The Department of Science and Technology (DST) has welcomed the partnership of global technology giant Microsoft with the University of Pretoria to explore how South Africa can make the most of artificial intelligence (AI) for growth, development, and inclusion.

On 18 March, Microsoft launched its latest policy innovation centre in partnership the University of Pretoria's Future Africa campus. The company has launched similar facilities in several countries so far, providing a forum to foster dialogue and discussion on policy issues that affect the biggest development challenges in the world today.

At the centre of the dialogue is how to embrace digital transformation, and the role artificial intelligence can play to help the region thrive in the Fourth Industrial Revolution.

The policy innovation centres are physical state-of-the-art centres designed to bring together stakeholders, whether physically or virtually, and draw upon the talents of government, academia, industry and policy experts.

Delivering the keynote address at Monday's launch, the Director-General of Science and Technology, Dr Phil Mjwara, said one of the key roles of government was to create a climate in which individuals, businesses and other social institutions could thrive.

"This includes creating an enabling legislative, policy or regulatory framework for the development of new innovative technologies and services," said Dr Mjwara.

Referring to the recent Cabinet approval of the country's new White Paper on Science, Technology and Innovation, Dr Mjwara said that Fourth Industrial Revolution technologies and their impact were at the heart of the policy.  The DG said the new White Paper deals with exploiting these new sources of growth, without neglecting the human impact of technology innovation.

"We are pleased that, like our White Paper on STI, your White Paper has a deliberate focus on Africa and also recognises the importance of the ethical application of AI and the role of civil society," said the DG.

The DG said everything around humans was being digitised.  New sensors were being developed with DST funding, ranging from satellite sensors that measure atomic oxygen in the Earth's atmosphere to micro-seismic sensors in mining to give an early warning of rockfalls.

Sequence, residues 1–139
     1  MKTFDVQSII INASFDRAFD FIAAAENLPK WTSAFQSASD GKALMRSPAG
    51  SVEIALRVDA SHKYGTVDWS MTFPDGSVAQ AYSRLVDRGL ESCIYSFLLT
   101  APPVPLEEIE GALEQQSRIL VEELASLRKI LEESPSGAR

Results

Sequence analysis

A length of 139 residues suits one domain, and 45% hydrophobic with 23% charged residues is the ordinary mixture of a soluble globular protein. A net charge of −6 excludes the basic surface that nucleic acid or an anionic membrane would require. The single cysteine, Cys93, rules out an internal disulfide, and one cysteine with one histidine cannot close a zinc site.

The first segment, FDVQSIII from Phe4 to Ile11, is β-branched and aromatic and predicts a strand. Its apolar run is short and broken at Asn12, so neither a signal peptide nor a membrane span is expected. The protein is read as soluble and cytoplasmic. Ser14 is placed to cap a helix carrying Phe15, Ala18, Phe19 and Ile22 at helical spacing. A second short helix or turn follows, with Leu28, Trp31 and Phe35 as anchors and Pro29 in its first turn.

"This multitude of sensed data streams, combined in ways not possible before, allows us to discover new insights from the data and apply these insights through Technology and Innovation, with People and in Systems," he said.

While this new digital age was promising many opportunities, inequality represented the greatest societal concern associated with this new revolution. For example, the largest beneficiaries of innovation tend to be the innovators and investors, which explains the rising gap in wealth.

Globally, one of largest malicious cyber-attacks occurred in India, where a government identity document database reportedly suffered multiple breaches that potentially compromised the records of all 1,1 billion citizens

Wishing the centre success in is endeavours, the DG said artificial intelligence was now a fact of life and the developing world must continue to find proactive ways of responding to the risks and opportunities they presented.

Microsoft's General Counsel Mike Yeh said Microsoft always approached technology holistically, considering the changes it brought and the consequences, many of which were positive and added value to society.

"At Microsoft we have been talking for some years about the democratisation of technology. How do we ensure that, as the world advances and advanced technology becomes incorporated in everyday lives, that everyone is able to benefit?" asked Yeh.

Yen said these were the driving forces behind the multinational company's idea to establish policy innovation centres, particularly as highly regulated industries like financial services, healthcare and public sector workloads were established before the existence of the Internet.

"There is clearly a need and opportunity to figure out how to modernise those regulations in a way that is responsible, bouncing out the potential benefits of technology and also ensuring that the data remains private, and that customers and individuals can control that data," he said.

He said Microsoft was particularly pleased to drive these conversations, especially about the way these new technologies would affect people's rights, and whether they were fair, reliable and safe. 



"We see many opportunities and challenges on how to get the regulatory environment correct and we look forward to working with the University of Pretoria and government to really bring people together, to drive the conversation and ultimately find the solutions to ensure that technology is used fairly and is used for good," said Yen.

The Acting Director of Future Africa Campus, Prof. Bernard Slippers, said the most important goal of the university was to turn the knowledge gained here towards creating a better world.

"Part of the impact that we make is, we believe, through connections in our universities to break down barriers between our disciplines," said Slippers.

He said the university realised the importance of partnerships that it would build beyond the academic sphere and welcomed the launch of the policy innovation centre, which he said embodied digital transformation.